Marrakech, Morocco, is a place where you can charm snakes, ride camels, and work with local government officials to develop integrated solid waste management (SWM) plans; and I was fortunate to be able to do all three during a brief vacation last week. The snake charming and camel riding were my idea, while the training program was sponsored by the Environmental Protection Agency (EPA).
I was contacted a few weeks ago by Laura Hagg, a colleague at the International City-County Management Association (ICMA) and asked if I would be interested in helping with some training that an EPA team planned to conduct in Marrakech. A member of the team had some health issues, and a last-minute replacement was needed to assist with the project. I have extensive experience as the volunteer of last resort; so I was willing, flattered, and pleased to be invited.
Morocco was new territory for me, although I have worked in several Arab countries and have developed a deep affection for most of the people and much of the culture in this part of the world. The streets and souks (markets) are vibrantly alive with people of all ages engaging in activities that tend to overwhelm me whenever I visit. The picture below shows me seated next to a snake charmer I stumbled across in the Jmal Fnaa Square, located in the heart of Marrakech’s old city, or medina. I really wasn’t involved in charming the snakes except for allowing a couple of harmless ones to be placed around my neck for picture taking. The snakes’ owners believed I should contribute about $40 for this privilege, but I was able to get away with a $2 contribution and no snake bites.
The real purpose of my visit, of course, was to participate in a five-day training session where I was asked to facilitate four sessions on developing an integrated SWM plan. I have never worked with a more engaged and thoughtful group of people than the 18 Moroccan officials who participated in the course. I was also fortunate to be the least part of an experienced team that included Francesca DiCosmo, the international program manager for EPA’s Region 3; Jeff Burke, the executive director of the National Pollution Prevention Roundtable; and Camille Heaton, an environmental scientist with RTI International. The experience reminded me how easy training can be when you are working with people who are eager to learn and enthusiastic about the subject.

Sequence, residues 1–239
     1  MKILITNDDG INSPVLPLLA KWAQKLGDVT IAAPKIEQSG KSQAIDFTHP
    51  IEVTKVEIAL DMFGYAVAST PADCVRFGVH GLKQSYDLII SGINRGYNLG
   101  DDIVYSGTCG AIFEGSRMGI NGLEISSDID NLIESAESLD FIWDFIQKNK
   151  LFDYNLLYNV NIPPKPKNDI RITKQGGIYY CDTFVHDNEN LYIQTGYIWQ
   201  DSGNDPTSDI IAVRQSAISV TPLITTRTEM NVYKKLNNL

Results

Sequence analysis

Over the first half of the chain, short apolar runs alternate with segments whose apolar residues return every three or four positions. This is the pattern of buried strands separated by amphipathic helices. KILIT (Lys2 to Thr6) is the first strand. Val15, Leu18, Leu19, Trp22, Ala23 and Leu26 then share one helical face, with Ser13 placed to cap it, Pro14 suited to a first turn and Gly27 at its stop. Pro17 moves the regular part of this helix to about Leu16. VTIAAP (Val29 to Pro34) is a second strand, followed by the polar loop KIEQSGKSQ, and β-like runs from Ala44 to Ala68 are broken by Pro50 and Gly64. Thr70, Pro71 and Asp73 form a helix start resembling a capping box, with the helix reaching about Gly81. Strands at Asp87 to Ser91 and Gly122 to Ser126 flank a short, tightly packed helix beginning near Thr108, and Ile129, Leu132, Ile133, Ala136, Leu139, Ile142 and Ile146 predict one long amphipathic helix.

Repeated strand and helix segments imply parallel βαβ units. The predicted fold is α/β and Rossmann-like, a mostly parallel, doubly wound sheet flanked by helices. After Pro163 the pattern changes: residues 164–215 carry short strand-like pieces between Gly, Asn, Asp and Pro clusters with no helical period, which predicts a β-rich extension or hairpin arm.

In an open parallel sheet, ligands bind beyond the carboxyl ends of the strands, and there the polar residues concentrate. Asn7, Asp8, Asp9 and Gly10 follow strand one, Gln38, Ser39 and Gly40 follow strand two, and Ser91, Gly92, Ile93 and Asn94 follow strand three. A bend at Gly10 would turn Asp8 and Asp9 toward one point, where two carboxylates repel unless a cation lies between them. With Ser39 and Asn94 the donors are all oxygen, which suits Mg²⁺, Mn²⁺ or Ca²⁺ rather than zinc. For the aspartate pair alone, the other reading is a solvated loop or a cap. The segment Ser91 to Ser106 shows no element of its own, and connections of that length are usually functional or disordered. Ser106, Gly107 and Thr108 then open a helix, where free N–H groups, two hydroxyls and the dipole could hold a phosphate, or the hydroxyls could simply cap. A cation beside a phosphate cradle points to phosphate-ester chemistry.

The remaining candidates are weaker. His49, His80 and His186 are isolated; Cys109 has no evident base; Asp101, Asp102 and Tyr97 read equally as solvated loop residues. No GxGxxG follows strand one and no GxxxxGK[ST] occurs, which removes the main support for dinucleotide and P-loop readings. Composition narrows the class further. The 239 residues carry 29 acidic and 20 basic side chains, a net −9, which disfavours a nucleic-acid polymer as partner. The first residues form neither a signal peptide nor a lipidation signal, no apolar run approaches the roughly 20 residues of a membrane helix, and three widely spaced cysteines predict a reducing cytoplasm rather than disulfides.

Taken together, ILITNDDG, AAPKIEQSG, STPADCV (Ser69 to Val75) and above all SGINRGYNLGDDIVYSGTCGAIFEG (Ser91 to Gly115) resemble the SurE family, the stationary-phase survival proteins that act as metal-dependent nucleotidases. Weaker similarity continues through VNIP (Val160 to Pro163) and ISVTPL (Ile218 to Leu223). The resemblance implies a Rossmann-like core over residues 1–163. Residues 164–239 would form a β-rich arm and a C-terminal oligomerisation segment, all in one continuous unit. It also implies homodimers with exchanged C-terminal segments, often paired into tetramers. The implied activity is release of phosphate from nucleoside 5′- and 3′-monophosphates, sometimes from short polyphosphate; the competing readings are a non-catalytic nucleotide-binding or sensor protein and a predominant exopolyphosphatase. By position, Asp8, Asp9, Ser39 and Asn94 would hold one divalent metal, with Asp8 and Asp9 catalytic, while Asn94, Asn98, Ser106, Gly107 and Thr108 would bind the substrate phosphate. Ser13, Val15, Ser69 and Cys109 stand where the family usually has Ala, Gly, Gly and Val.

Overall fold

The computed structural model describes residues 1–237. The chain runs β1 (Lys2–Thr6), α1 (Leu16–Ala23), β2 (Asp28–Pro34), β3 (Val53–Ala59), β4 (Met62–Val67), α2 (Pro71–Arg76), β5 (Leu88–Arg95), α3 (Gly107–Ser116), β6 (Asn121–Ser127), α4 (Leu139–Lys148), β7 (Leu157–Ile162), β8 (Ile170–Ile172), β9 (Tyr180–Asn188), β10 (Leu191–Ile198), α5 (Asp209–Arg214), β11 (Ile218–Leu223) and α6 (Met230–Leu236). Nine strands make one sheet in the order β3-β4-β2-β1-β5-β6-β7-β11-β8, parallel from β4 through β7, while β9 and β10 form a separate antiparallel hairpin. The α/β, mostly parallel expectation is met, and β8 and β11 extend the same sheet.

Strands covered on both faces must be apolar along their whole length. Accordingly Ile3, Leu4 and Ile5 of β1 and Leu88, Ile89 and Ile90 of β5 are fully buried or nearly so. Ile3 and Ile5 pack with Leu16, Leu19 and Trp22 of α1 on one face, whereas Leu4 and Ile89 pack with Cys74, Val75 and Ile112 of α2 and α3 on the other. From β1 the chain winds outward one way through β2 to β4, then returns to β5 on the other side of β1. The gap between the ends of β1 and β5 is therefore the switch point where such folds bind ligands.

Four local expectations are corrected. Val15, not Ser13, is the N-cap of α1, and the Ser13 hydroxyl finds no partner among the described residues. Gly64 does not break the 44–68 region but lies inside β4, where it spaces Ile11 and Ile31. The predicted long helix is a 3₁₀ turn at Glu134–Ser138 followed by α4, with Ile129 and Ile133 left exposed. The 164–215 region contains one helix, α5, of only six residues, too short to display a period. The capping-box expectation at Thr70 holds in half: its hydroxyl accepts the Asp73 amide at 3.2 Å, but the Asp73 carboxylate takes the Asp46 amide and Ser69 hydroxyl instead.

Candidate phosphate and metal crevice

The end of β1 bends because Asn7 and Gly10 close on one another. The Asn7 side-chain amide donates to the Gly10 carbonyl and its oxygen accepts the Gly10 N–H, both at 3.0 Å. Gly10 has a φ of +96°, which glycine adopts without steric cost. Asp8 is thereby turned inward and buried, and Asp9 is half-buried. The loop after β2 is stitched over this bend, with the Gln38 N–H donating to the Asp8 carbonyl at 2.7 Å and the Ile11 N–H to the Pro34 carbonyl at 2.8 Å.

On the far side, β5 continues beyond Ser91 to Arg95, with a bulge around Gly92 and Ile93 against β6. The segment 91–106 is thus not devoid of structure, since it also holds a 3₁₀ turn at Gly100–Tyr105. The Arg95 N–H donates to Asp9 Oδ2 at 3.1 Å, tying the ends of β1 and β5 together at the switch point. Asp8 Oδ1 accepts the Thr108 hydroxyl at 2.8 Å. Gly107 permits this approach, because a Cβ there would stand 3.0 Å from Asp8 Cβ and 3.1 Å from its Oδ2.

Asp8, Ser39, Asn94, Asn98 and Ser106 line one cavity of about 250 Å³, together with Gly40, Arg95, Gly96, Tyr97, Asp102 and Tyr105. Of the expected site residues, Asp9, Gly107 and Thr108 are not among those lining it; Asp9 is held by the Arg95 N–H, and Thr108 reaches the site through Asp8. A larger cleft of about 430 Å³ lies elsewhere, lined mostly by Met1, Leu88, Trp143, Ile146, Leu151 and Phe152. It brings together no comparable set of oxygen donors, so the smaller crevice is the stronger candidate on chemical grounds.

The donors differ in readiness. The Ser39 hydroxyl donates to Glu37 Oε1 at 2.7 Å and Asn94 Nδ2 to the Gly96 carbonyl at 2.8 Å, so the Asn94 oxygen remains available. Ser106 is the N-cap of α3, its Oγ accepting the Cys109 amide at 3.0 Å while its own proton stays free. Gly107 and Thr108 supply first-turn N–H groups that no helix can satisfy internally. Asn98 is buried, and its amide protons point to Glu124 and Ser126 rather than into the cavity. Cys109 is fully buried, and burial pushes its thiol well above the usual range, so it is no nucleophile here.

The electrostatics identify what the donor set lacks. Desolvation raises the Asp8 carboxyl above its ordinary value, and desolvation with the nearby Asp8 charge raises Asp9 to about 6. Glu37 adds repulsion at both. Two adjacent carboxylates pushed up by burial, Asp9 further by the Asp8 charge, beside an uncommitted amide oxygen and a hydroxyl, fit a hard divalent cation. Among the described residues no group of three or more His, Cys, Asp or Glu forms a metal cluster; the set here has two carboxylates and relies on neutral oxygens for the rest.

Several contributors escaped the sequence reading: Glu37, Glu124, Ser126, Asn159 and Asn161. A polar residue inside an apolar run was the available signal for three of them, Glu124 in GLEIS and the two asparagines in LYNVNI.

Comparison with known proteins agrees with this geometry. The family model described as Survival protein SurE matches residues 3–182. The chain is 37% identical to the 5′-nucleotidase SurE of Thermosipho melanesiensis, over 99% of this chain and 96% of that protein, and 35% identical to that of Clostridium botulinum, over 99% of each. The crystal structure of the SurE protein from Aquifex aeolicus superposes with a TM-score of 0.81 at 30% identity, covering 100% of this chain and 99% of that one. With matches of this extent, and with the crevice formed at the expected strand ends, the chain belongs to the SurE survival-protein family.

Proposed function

Most of my time was spent in the training program, but I was able to take several long walks through Marrakech’s souks; and I made of point of taking an hour-long camel ride in the desert on the northern edge of the city. My camel was well-behaved, and I spent a fair amount of the ride trying to reassure the Canadian woman on the camel behind mine that she was not in any real danger.
I always find these trips refreshing because they renew my faith in people by reminding me that even when there are differences in language and cultural norms, we have more in common than we do issues that divide us. At a time when Albany is facing a number of divisive challenges, it’s important to remember the need to get along.